Liquidation Margin Defined - Investopedia

How should I portion my trades?

I have $135k in net liquidation value with $90k invested in long term stocks and $45k in cash.
I have a margin account and have sold cash secured puts on things I want to own but am pretty much new to assessing the risk of trading options. If I was to open a delta neutral strategy (straddle/strangle/iron condor etc) how much should I allocate as a % of my account? And how should I assess risk? Should I always be cash secured or trade $100k positions with only $45k cash on hand? Basically, I’m a noob and just don’t know how to assess risk. Appreciate if there are any reading recommendations on this that don’t require some advanced math like in risk management.
As an example, if I sold 1 weekly put on TSLA for 1300 for around $500 premium, is that too risky?
Thanks for the help!
submitted by Wu-Han to thetagang [link] [comments]

Top options trading mistakes that you should not make

This is my post on wsbelite. Repost here for all.
IMO, trading options have similarities to playing poker and in order to be successful in the long run you need to be disciplined and refrain from making common mistakes. I’m going to list common mistakes and some tips here. Please suggest more. Hope we all lose less tendies!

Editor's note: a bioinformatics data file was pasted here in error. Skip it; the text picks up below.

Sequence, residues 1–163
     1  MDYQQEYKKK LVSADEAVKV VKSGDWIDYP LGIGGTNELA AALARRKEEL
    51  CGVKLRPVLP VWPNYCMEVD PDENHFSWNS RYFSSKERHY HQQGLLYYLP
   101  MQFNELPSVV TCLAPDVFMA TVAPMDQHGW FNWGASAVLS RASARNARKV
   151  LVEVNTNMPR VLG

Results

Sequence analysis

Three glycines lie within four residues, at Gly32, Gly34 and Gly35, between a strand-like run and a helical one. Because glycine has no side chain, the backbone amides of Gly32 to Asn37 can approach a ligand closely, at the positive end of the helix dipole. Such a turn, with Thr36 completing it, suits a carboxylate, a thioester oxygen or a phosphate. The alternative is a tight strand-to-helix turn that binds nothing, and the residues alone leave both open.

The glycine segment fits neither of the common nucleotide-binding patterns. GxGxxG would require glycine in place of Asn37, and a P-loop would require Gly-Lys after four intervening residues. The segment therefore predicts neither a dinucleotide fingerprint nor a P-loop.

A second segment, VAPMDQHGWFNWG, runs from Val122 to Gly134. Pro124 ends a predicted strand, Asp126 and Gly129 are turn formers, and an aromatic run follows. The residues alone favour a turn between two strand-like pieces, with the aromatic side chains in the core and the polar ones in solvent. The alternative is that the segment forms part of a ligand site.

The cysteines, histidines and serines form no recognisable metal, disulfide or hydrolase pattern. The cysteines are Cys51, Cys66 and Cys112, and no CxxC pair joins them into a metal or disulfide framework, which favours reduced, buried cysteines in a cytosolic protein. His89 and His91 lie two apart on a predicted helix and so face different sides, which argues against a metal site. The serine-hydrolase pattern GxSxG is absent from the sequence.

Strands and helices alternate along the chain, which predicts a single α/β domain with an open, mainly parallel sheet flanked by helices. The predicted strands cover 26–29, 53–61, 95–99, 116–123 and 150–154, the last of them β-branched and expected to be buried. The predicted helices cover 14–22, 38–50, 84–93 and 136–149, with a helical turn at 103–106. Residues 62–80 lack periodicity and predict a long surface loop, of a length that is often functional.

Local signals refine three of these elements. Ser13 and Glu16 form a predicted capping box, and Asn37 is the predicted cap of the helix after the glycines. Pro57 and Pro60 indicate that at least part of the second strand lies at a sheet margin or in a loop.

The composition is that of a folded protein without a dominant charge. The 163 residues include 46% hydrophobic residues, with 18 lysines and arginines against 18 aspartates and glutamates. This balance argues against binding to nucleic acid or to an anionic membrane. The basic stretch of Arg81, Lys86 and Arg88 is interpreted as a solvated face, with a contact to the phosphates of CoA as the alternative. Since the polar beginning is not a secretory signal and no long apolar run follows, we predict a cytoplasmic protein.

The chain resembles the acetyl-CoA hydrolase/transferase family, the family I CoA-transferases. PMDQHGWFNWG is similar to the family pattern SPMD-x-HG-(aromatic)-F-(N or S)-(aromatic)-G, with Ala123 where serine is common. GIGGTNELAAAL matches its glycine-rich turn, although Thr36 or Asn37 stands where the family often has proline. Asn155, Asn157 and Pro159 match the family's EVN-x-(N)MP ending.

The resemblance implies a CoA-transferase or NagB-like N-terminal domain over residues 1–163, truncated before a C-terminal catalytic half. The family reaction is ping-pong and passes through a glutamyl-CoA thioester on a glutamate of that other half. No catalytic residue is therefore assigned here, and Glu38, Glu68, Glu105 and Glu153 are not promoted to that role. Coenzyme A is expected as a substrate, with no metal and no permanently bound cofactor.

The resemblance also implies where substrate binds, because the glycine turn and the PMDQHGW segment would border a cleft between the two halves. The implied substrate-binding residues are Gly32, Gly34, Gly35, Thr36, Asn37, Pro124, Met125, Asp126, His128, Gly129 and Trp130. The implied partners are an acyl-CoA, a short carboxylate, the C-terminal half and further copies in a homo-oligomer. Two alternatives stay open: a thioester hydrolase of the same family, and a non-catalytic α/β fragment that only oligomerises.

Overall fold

1. Refrain to trade low volume options . These contracts will have really wild bid/ask spread, or really low volume, which reduces your chance to make profit significantly. For example how can you win if you trade $ROPE 100c when the bid ask spread is $69/$96 per contract?
  2. Refrain to trade very low price options (e.g 1-10 cents) because your broker commissions will eat up a significant amount of the transactions. Think how much commissions you have to pay to buy 10000 contracts of 0.01 $ROPE 1000c which costs $10000 of premium.